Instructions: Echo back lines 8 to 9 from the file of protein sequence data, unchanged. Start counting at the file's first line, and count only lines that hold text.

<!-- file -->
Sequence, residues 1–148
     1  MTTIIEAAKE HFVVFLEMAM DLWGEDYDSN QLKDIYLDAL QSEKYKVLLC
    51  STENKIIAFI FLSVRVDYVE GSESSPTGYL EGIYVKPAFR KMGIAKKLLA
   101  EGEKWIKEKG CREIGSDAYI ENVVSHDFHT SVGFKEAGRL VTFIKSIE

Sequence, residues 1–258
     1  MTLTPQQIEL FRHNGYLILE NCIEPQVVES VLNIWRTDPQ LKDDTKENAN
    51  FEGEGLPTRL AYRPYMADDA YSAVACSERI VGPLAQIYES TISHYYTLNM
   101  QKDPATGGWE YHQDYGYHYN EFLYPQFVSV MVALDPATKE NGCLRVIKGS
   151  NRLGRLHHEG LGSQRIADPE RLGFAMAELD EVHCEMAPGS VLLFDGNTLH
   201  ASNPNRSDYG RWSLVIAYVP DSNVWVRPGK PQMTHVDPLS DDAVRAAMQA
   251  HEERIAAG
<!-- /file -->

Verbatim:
   101  QKDPATGGWE YHQDYGYHYN EFLYPQFVSV MVALDPATKE NGCLRVIKGS
   151  NRLGRLHHEG LGSQRIADPE RLGFAMAELD EVHCEMAPGS VLLFDGNTLH